Man killed while resisting arrest in Minneapolis was a criminal

Crime reports and no-good deeds
KBCraig
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blackhorse1 wrote: Thu Apr 15, 2021 2:38 pm Here's some food for thought... What about robbery of woman with gun. How many other crimes has he gotten away that he didn't get caught at. He was in a car with other like minded thugs AND he ran. He's a thug. Don't paint him up to be a good ol boy and highest in his class or a choir boy. He was stopped before he worked his way up.😎
I'm not pretending he was a saint. The Constitution doesn't just protect choirboys.
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srothstein
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Jusme wrote: Thu Apr 15, 2021 9:12 am Little food for thought:

https://bearingarms.com/tomknighton/202 ... rol-n43608


Now, I'm not defending this guy, sounds like jail would have been the best place for him. However, as pointed out in the article, he had no been convicted of anything, and the warrant was for carrying a gun without a permit (see permission from your superiors).
As I understand it, and I could be wrong because it is based on reports I have read and not direct knowledge, the warrant was not for carrying without a permit. The victim had been invited to stay at a house overnight with several friends. After most of the friends left, he and one of his friends tried to rob one of the two hosts of the party (another friend of his was the other host and had just given the roommate $820 in rent money) including choking her and pulling a gun on her. He eventually left without the money. She called the police and identified the shooting victim as the gun holder/robber. He was arrested and placed on bond. One of the terms of the bond was that he could not have a firearm. He was reported for having a firearm while on bond, and a bond revocation was ordered. He did not show up for the hearing and a warrant was issued for the failure to appear and for the bond revocation.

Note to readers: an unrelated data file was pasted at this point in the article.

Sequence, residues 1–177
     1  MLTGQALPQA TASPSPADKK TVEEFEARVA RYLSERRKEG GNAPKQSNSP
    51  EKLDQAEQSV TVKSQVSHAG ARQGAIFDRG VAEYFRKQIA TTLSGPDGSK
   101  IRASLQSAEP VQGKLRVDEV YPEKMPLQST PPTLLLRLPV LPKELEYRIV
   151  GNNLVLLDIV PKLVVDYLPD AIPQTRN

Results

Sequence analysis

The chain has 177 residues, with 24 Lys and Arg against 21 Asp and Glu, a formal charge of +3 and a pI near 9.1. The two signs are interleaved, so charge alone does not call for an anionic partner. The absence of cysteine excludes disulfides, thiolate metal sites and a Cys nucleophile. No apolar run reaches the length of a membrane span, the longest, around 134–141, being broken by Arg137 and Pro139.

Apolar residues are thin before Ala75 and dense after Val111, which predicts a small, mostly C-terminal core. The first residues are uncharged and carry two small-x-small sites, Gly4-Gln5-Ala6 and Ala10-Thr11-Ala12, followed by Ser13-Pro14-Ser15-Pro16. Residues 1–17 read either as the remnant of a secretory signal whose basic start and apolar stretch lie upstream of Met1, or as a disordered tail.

I am not sure how Minnesota would classify this warrant. My experience with this is all in Texas and we classified them by the underlying charge of the bond, i.e. felony robbery. It makes as much sense to me that Minnesota would classify it by the failure to appear or bond revocation based on what the cause for the revocation was.

And it really makes no difference what the warrant was for. You are correct that he had not been convicted of anything at this point for these charges. I have not heard anything about his prior record yet. But I also know that if he had complied when he was told he was under arrest, none of this would have happened. The officer was wrong, but so was he.
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Capitol police officer not charged in shooting death in DC. Crime, trespass or whatever they call it? Air Force vet Ashli Babbitt dead.
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rotor wrote: Thu Apr 15, 2021 10:47 pm Capitol police officer not charged in shooting death in DC. Crime, trespass or whatever they call it? Air Force vet Ashli Babbitt dead.
It appears leftist politicians think it is OK for Police to murder an unarmed citizen as long as it is a white conservative woman.
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03Lightningrocks
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Here is a video of a very good take on this whole situation.

https://fb.watch/4U_uFRhla5/
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oohrah
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I take exception to the Title of this thread. A warrant for an arrest is not a criminal conviction. Anyone of us could have a warrant for our arrest for any circumstance. Innocent until proven guilty.

This is yet another example of police run amok and another black man dying at the hands of the police.

I'm waiting for the police to police themselves and fix this racism.
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Bitter Clinger
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oohrah wrote: Fri Apr 16, 2021 6:14 pm I take exception to the Title of this thread. A warrant for an arrest is not a criminal conviction. Anyone of us could have a warrant for our arrest for any circumstance. Innocent until proven guilty.

This is yet another example of police run amok and another black man dying at the hands of the police.